What are two examples of dramatic irony in Act I, Scene 4 of Macbeth?
Dramatic irony is when the audience knows more about events and situations than the characters or actors in a play, movie, or story. In act 1, scene 4 of Macbeth, Shakespeare utilizes dramatic irony when King Duncan affectionately addresses Macbeth as his "worthiest cousin" and praises Macbeth for his valiant efforts in battle. He is also excited to travel to Inverness and is anxious to dine with Macbeth and his wife. The audience is aware of Macbeth's ambitious nature and knows that he has serious thoughts about murdering the king. However, King Duncan feels comfortable visiting Macbeth's castle and is completely unaware that Macbeth is thinking about assassinating him.
Another example of dramatic irony concerns Macbeth's positive, humble responses to King Duncan. The audience is aware that Macbeth is blatantly lying to the king when he tells him, "The rest is labor which is not used for you" (Shakespeare, I.iv.45). In actuality, Macbeth will not be content until he has obtained the title King of Scotland.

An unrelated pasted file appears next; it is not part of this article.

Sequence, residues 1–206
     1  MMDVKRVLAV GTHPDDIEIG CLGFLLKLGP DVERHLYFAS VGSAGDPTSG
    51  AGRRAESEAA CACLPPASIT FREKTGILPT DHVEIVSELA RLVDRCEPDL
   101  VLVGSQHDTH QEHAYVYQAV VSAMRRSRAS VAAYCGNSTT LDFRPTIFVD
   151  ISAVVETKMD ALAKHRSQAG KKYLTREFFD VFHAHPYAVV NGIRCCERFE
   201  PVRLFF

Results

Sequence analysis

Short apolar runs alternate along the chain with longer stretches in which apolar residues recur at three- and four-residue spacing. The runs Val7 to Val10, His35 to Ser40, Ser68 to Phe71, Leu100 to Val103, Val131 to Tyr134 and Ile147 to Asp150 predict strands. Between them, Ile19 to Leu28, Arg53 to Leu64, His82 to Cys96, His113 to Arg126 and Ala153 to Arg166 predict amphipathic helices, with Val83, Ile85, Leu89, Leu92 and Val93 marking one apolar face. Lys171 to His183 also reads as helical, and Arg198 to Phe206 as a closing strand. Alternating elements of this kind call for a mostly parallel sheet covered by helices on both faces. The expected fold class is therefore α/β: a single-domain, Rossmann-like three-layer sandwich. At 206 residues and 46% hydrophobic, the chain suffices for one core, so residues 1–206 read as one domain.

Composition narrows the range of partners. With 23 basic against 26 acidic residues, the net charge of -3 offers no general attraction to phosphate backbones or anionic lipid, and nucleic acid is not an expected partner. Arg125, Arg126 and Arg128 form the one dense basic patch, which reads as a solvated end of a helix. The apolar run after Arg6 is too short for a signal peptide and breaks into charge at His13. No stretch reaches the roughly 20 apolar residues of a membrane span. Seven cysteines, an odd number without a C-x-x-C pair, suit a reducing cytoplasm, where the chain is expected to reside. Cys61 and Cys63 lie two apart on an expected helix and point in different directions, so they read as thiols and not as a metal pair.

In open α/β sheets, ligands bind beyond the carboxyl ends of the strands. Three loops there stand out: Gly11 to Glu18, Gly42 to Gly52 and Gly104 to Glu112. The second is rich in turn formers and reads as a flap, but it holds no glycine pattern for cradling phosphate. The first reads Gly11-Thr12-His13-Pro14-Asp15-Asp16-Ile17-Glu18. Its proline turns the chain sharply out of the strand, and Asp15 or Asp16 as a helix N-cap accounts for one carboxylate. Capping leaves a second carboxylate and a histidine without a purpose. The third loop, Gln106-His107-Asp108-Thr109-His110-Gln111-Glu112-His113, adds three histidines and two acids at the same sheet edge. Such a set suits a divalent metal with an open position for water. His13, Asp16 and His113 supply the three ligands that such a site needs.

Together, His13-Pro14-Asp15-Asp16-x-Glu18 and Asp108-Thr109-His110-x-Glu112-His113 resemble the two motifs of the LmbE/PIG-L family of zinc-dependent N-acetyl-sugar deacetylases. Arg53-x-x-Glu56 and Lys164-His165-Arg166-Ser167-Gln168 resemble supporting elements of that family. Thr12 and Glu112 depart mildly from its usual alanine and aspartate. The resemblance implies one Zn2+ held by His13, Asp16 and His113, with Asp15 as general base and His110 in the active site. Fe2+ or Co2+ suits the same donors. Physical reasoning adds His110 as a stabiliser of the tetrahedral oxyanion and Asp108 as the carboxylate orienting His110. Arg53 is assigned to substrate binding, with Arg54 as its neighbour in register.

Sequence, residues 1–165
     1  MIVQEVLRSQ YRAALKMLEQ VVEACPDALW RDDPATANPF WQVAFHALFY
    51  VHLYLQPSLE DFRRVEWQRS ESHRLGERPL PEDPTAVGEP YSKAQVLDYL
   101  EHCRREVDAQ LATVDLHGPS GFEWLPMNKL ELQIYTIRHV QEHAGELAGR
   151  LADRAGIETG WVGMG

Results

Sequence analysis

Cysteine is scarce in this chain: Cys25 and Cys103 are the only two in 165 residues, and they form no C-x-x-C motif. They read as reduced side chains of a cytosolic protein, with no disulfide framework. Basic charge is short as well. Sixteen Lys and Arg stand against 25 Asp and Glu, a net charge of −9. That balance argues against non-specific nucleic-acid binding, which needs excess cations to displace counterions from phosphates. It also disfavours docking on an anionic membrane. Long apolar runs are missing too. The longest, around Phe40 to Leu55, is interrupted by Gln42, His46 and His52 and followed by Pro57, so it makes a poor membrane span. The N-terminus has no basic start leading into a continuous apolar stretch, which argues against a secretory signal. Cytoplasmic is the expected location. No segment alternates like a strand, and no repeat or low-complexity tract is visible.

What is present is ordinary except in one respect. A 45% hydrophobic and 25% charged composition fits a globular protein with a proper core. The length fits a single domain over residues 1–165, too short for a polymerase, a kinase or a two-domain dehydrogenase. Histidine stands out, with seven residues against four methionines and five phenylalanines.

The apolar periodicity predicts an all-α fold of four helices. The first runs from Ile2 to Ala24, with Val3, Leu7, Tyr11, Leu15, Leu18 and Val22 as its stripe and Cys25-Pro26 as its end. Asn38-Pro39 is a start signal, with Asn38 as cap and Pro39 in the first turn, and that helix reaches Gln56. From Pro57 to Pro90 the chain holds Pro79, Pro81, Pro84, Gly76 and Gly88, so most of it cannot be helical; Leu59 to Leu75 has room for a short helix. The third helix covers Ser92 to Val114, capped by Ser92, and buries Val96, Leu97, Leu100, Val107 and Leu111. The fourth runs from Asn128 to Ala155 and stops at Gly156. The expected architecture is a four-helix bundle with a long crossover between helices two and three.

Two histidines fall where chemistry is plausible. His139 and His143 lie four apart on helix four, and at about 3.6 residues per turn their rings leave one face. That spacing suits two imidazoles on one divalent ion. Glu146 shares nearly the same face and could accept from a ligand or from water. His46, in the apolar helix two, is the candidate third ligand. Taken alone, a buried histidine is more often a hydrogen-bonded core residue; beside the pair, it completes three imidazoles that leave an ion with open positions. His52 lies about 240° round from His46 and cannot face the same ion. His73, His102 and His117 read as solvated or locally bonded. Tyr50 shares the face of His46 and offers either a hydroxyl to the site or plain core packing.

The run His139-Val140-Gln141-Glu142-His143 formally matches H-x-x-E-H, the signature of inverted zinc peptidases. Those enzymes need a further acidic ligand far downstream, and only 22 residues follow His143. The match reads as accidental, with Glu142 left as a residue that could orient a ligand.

In Act 1, Scene 4 of Macbeth, King Duncan meets Macbeth for the first time since the great battle. Duncan expresses his boundless gratitude for Macbeth's indispensable help against the enemy and concludes by saying, rather ironically:
Only I have left to say,
More is they due than more than all can pay.
This is ironic because the audience knows full well that Macbeth is thinking of taking everything away from Duncan. It is almost as if Duncan knows Macbeth's intentions and is unconsciously giving him permission to do it.
Macbeth's reply is loaded with irony. He tells the King:
The service and the loyalty I owe,
In doing it pays itself.
Macbeth is saying just the opposite of what the audience knows he is thinking.